Is this level safe? According to a document produced by the US Environmental Protection Agency (EPA), “Dogs are more susceptible to ethoxyquin toxicity than rats, with elevated liver enzymes and microscopic findings in the liver occurring at doses as low as 4 mg/kg/day over a 90-day feeding period.” The “4 mg/kg” means 4 mg ethoxyquin per kilogram of the dog’s body weight (not the weight of the food).
Per CVM calculations, 4 mg/kg body weight is the equivalent of 160 ppm in food, just barely above the upper limit that is still allowed in pet food. It’s possible that longer-term ingestion could reduce the amount needed to cause adverse effects and increase the potential for harm. In addition, dogs who eat more food in relation to their body weight, such as puppies, nursing females, and working or other very active dogs, are at risk of exceeding the amount known to cause liver damage.
Let’s look at the fish meal that is processed at sea and treated with ethoxyquin at time of production. US Coast Guard regulations say that this fish meal must contain at least 100 ppm ethoxyquin at time of shipment. It’s questionable, though, how much ethoxyquin remains in a finished pet food made with this fish meal. The amount of fish meal used, and the method and temperature of the dog food’s manufacture will affect the amount of ethoxyquin present in the final product. We’ve seen claims from companies whose dog foods contain fish meal preserved with ethoxyquin that the foods contain 5 ppm or less ethoxyquin.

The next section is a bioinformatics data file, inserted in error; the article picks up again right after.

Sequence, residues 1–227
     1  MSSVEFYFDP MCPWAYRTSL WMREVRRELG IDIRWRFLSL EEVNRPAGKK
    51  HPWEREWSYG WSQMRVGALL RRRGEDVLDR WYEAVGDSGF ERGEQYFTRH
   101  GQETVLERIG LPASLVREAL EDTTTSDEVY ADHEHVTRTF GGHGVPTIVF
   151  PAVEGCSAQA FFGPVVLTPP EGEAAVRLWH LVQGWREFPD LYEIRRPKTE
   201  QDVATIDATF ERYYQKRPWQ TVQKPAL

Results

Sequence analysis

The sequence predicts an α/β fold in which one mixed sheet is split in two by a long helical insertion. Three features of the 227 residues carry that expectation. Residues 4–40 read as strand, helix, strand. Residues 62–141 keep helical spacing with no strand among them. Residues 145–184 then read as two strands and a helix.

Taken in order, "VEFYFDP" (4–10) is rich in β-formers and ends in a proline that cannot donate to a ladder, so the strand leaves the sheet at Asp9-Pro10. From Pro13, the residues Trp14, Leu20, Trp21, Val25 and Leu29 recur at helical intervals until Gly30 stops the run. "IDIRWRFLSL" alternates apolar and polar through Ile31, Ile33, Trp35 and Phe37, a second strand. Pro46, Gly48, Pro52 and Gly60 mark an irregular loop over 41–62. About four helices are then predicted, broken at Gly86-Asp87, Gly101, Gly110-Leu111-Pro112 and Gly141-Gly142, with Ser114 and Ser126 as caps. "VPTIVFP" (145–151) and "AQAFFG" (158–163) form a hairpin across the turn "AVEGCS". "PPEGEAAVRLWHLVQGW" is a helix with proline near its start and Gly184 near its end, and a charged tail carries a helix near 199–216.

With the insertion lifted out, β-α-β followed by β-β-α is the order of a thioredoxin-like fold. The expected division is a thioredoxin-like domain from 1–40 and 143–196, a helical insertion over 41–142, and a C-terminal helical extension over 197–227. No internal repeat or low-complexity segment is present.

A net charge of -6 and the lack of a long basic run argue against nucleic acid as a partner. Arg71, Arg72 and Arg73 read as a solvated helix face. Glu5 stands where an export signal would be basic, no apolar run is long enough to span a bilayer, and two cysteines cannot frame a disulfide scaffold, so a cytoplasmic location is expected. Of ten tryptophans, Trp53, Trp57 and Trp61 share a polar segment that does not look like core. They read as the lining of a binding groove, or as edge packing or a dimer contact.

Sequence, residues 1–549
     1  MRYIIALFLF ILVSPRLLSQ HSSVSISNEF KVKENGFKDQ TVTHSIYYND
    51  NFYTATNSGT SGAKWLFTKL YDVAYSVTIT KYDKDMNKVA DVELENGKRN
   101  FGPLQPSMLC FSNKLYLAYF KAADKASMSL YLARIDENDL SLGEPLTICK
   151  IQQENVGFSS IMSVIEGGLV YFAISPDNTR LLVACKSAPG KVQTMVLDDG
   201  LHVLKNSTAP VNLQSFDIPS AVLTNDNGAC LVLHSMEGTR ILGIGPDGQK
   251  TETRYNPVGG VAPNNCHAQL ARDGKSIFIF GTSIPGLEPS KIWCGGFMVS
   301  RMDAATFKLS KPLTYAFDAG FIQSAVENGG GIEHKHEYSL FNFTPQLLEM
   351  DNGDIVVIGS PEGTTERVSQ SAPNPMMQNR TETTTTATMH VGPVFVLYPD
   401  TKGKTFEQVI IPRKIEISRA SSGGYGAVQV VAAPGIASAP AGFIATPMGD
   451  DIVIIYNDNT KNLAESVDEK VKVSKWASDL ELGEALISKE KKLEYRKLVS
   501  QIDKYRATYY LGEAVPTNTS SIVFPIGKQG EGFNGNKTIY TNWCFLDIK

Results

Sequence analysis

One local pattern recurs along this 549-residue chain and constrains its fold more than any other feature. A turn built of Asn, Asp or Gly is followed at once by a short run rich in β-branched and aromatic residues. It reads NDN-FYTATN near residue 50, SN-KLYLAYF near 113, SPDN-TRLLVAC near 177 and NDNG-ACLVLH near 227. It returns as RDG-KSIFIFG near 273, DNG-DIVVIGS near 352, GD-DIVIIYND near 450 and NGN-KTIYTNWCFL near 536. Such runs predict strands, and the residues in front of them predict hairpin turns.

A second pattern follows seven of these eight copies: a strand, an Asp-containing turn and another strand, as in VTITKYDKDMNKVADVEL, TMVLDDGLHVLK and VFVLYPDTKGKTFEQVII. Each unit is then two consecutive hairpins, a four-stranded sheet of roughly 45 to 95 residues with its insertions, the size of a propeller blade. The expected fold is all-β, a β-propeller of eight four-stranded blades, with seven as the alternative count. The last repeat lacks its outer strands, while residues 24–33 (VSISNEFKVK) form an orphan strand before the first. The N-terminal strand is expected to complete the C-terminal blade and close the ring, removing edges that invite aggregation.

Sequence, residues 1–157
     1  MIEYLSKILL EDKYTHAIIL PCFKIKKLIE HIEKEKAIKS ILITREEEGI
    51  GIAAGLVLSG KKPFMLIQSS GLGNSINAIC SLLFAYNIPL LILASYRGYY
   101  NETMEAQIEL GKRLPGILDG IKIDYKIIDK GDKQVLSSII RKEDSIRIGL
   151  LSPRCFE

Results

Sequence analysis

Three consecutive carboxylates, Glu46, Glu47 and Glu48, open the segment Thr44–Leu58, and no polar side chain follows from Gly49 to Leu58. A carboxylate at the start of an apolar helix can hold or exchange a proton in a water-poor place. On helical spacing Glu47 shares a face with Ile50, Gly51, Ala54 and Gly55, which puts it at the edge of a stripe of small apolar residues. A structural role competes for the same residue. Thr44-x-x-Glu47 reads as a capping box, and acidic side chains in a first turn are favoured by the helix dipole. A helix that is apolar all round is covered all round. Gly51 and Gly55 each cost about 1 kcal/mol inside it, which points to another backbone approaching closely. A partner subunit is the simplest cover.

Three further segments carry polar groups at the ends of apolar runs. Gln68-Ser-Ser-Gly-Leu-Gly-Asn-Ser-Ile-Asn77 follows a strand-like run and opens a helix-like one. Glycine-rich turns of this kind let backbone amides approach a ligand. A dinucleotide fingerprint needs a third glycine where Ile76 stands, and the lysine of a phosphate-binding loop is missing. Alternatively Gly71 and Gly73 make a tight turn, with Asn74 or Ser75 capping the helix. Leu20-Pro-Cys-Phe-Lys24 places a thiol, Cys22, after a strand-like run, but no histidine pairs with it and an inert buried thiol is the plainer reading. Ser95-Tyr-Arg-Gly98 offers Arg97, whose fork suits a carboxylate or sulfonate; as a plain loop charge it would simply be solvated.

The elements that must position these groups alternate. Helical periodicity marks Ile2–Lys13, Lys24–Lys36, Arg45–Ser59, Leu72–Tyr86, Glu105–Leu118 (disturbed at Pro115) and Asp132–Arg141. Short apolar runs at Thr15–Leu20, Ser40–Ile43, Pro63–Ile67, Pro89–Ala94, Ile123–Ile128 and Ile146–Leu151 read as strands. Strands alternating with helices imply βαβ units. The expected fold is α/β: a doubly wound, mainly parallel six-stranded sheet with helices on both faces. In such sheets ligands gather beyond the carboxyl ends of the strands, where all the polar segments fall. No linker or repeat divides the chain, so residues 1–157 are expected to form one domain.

Is this lower level safe? No one knows for sure, but it’s certainly less toxic than the amounts that the US FDA allows in pet food. And it’s within the limits allowed in some human foods (0.5 to 5 ppm in meat and fat, with higher amounts allowed for spices).